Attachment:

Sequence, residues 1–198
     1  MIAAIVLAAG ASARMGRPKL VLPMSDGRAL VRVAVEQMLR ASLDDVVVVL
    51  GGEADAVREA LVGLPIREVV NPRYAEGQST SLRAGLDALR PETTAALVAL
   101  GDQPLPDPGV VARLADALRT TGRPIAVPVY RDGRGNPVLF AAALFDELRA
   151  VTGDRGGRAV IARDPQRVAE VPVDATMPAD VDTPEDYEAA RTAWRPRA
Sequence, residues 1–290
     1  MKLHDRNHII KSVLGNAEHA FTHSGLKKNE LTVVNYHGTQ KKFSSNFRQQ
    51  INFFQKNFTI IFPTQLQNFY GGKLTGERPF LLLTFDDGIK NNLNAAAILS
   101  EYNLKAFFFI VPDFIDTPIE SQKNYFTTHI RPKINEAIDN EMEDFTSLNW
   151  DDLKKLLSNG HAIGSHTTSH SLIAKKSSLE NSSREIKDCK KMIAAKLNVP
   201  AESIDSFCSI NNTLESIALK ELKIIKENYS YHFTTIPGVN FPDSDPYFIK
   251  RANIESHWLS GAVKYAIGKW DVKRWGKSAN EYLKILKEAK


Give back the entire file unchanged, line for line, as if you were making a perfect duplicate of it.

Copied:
Sequence, residues 1–198
     1  MIAAIVLAAG ASARMGRPKL VLPMSDGRAL VRVAVEQMLR ASLDDVVVVL
    51  GGEADAVREA LVGLPIREVV NPRYAEGQST SLRAGLDALR PETTAALVAL
   101  GDQPLPDPGV VARLADALRT TGRPIAVPVY RDGRGNPVLF AAALFDELRA
   151  VTGDRGGRAV IARDPQRVAE VPVDATMPAD VDTPEDYEAA RTAWRPRA
Sequence, residues 1–290
     1  MKLHDRNHII KSVLGNAEHA FTHSGLKKNE LTVVNYHGTQ KKFSSNFRQQ
    51  INFFQKNFTI IFPTQLQNFY GGKLTGERPF LLLTFDDGIK NNLNAAAILS
   101  EYNLKAFFFI VPDFIDTPIE SQKNYFTTHI RPKINEAIDN EMEDFTSLNW
   151  DDLKKLLSNG HAIGSHTTSH SLIAKKSSLE NSSREIKDCK KMIAAKLNVP
   201  AESIDSFCSI NNTLESIALK ELKIIKENYS YHFTTIPGVN FPDSDPYFIK
   251  RANIESHWLS GAVKYAIGKW DVKRWGKSAN EYLKILKEAK